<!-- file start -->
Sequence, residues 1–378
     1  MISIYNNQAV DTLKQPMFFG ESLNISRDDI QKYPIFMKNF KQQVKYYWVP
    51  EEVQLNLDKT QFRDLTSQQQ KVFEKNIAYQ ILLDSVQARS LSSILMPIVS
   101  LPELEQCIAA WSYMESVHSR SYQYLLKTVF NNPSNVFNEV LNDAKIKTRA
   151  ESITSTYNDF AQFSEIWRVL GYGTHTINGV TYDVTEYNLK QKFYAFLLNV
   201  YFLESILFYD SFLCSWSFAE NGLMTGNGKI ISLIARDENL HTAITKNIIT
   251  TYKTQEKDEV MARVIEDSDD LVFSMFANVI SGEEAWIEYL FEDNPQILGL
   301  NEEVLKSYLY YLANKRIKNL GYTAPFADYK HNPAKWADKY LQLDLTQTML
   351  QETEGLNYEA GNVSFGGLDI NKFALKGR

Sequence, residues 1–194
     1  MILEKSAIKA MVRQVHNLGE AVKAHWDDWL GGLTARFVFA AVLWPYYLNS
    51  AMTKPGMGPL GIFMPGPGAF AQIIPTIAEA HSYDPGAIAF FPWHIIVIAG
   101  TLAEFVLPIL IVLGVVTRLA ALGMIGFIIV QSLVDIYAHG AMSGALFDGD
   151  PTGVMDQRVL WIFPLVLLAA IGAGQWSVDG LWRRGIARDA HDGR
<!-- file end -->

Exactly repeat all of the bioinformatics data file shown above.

Sequence, residues 1–378
     1  MISIYNNQAV DTLKQPMFFG ESLNISRDDI QKYPIFMKNF KQQVKYYWVP
    51  EEVQLNLDKT QFRDLTSQQQ KVFEKNIAYQ ILLDSVQARS LSSILMPIVS
   101  LPELEQCIAA WSYMESVHSR SYQYLLKTVF NNPSNVFNEV LNDAKIKTRA
   151  ESITSTYNDF AQFSEIWRVL GYGTHTINGV TYDVTEYNLK QKFYAFLLNV
   201  YFLESILFYD SFLCSWSFAE NGLMTGNGKI ISLIARDENL HTAITKNIIT
   251  TYKTQEKDEV MARVIEDSDD LVFSMFANVI SGEEAWIEYL FEDNPQILGL
   301  NEEVLKSYLY YLANKRIKNL GYTAPFADYK HNPAKWADKY LQLDLTQTML
   351  QETEGLNYEA GNVSFGGLDI NKFALKGR

Sequence, residues 1–194
     1  MILEKSAIKA MVRQVHNLGE AVKAHWDDWL GGLTARFVFA AVLWPYYLNS
    51  AMTKPGMGPL GIFMPGPGAF AQIIPTIAEA HSYDPGAIAF FPWHIIVIAG
   101  TLAEFVLPIL IVLGVVTRLA ALGMIGFIIV QSLVDIYAHG AMSGALFDGD
   151  PTGVMDQRVL WIFPLVLLAA IGAGQWSVDG LWRRGIARDA HDGR